After graduation Hannon immediately took his new skills into the working world, as a graphic designer in an architect’s office. When that company ceased training in the recession Hannon was relatively unphased, and decided to go the freelance route.

“That spirit of independence that is fostered in art college really suits the freelance approach of working and coming up with your own rules of how to work,” he says.

In 2009 he set up his own freelance business, Mike Hannon Media. Freelancing felt like a much better fit for him. Hannon has been working as a freelance film-maker ever since.

He credits his education in Crawford with much of his success.

“You learn to think independently and rely on yourself as it’s a relatively unstructured academic environment in terms of your studio time... the rules are imposed by yourself; you decide the parameters around what you’re creating. You become self-reliant and trust your own judgement’.

Hannon keeps more than a foot in the door of creativity. He has made a number of short documentaries and in 2018, his cinematic documentary, The Cloud of Unknowing, was nominated for the Best British & Irish Short Film Award at the London Film Critics’ Circle Awards.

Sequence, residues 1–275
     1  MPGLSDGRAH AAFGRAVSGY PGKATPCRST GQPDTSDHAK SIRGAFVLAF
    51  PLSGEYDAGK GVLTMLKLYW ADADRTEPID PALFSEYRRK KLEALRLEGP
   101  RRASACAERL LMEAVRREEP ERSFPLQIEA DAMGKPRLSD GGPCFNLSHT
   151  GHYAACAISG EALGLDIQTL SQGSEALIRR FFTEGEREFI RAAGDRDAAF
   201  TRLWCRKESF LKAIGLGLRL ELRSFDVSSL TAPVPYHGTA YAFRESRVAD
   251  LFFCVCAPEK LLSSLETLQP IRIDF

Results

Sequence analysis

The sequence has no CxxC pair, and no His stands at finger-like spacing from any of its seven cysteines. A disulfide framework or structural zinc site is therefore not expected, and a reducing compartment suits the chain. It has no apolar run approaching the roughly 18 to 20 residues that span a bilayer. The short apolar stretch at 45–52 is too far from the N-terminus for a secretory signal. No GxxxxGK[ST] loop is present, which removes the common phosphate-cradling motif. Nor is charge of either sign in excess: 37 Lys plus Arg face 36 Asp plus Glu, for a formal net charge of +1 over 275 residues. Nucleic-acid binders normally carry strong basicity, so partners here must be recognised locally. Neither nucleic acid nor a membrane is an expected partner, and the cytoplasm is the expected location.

Art as an outlet

Ciara Wall has an BA and a Masters in Education from Crawford (2008), and she now works as the head of the Art Department in Midleton College, Co Cork. From a young age Wall says she used art as an outlet, and even now she finds expressions for her creativity in many areas.

We meet for coffee in Monty’s Cafe in Midleton, Co Cork, where Wall does the menu design and also created their murals.

She talks about how she initially struggled with the studio time at Crawford, but as she progressed she learned how to use it more effectively. Wall also believes her years in Crawford gave her great confidence.

After initially thinking she would work as a full-time artist, Wall made the decision to go into teaching.

She describes the importance of the art room in a school for giving students the space to create but also the space to experiment with art and make mistakes.

“You often learn more when things don’t work out,” says Wall who, as well as teaching, also keeps her hand in with her own artwork.

Currently on maternity leave, when she's in the classroom, she encourages her students to document the journey of their artwork.

Given that the motivation for creating art can be incredibly personal, it is often emotive for both the artist and the audience, and she strives to create an atmosphere where everyone will listen to each other in the room.

Wall also talks about the importance of linking into a creative community, and maintains a WhatsApp group for fellow Crawford graduates who are based in classrooms across the country.

More in this section